Yes, it’s a good idea to get a police report after any type of vehicle accident. It serves as official documentation that can protect you in a potential insurance claim or lawsuit. By law, Virginia residents have to report a car accident to authorities if it results in injury, damage to attended property, or death.
What about minor collisions that cause minimal property damage? At the time of the incident, you may think calling the police is overkill, but it’s truly the best way to preserve your rights. Even in situations where all parties are amicable, and liability is not contested, there’s no telling what the other driver will say or do later on. They could attempt to sue you for vehicle repairs or an injury you didn’t cause.
Police reports are valuable documentation
Regardless of who is being blamed for the crash, you should request a copy of the police report. This document provides critical information for both your insurance provider and your car accident lawyer.
The reality is that few people are thinking clearly in the first moments after a car accident. You may be in a state of shock or injured, but completely unaware thanks to surging adrenaline. Injuries like whiplash can take time to show symptoms. In some cases, it may be several days before you get achy and notice that things are not quite right.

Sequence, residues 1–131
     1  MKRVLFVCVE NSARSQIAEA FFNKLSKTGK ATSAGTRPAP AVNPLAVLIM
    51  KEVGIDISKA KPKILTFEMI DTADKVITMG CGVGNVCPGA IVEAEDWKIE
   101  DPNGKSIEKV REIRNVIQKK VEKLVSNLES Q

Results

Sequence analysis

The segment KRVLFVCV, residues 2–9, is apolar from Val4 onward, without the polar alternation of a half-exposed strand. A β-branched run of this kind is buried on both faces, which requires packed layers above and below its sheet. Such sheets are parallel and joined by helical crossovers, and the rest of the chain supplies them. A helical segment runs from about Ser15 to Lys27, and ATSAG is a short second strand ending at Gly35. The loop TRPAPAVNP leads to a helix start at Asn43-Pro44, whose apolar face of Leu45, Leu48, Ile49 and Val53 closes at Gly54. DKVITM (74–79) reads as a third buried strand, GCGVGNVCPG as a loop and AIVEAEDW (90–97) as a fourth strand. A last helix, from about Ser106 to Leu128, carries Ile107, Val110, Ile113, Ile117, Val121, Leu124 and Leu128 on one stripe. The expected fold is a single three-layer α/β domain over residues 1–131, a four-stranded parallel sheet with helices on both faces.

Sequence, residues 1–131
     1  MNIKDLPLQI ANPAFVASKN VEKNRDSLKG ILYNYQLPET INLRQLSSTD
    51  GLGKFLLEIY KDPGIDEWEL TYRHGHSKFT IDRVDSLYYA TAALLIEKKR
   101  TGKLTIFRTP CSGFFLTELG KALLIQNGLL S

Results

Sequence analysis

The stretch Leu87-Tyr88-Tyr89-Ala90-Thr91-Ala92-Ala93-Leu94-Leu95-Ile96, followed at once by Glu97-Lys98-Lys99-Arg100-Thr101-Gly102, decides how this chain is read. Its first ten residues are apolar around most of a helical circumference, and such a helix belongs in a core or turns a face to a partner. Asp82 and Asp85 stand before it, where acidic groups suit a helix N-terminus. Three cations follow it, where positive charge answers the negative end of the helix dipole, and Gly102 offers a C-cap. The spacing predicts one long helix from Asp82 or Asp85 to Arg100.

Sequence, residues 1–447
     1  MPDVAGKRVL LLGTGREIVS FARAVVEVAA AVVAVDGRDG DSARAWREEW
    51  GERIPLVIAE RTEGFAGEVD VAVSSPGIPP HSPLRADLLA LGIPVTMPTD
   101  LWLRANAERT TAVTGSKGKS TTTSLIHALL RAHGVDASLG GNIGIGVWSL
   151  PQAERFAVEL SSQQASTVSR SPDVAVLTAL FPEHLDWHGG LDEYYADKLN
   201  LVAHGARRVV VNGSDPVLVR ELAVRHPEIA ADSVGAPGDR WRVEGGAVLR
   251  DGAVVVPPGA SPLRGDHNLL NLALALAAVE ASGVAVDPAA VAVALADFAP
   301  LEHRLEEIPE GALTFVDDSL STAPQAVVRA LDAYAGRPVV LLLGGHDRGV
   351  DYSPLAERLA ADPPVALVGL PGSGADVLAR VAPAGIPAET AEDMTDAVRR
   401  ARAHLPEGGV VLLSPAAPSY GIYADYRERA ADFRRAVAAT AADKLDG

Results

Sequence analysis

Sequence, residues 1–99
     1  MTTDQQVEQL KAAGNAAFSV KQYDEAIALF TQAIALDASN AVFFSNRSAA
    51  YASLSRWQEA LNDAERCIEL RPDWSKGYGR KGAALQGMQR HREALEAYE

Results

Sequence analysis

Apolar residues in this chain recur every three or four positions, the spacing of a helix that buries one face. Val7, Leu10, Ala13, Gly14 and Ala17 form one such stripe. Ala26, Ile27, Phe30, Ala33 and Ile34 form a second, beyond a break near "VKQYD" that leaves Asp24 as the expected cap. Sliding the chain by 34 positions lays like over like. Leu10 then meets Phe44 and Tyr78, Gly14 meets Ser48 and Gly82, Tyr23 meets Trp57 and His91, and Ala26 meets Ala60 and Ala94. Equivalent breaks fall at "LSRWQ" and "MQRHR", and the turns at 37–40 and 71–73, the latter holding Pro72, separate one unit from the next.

Without a police report, there is technically no official record of the accident, which can make it extremely difficult if future litigation arises. A police report is impartial third-party documentation that your car accident attorney will need. In the absence of this unbiased report, it’s your word against the other driver’s.
If you suspect that the other driver was impaired or distracted at the time of the accident, you want an officer on the scene to document and record what they see with full objectivity. Police are trained to question all involved parties and note observations about the accident in detail.
Information that is included in a police report
In addition to speaking to witnesses and calling emergency services as needed, officers will take down the following information:
- Time, date, and location of the accident
- All property damage sustained to vehicles or other objects
- Identifying information for all parties involved in the accident
- Any obvious injuries sustained by drivers, occupants, or pedestrians
- Identifying information of witnesses to the collision
- Driver statements on their side of the story
- Witness statements on their perspective of the collision
- Pertinent details about contributing factors like poor weather conditions, road hazards, etc.
- If a citation or ticket was issued
- Opinion as to the cause of the accident
Police reports are typically reviewed during settlement negotiations and can bolster your chances of securing a favorable award if the other party was at fault.
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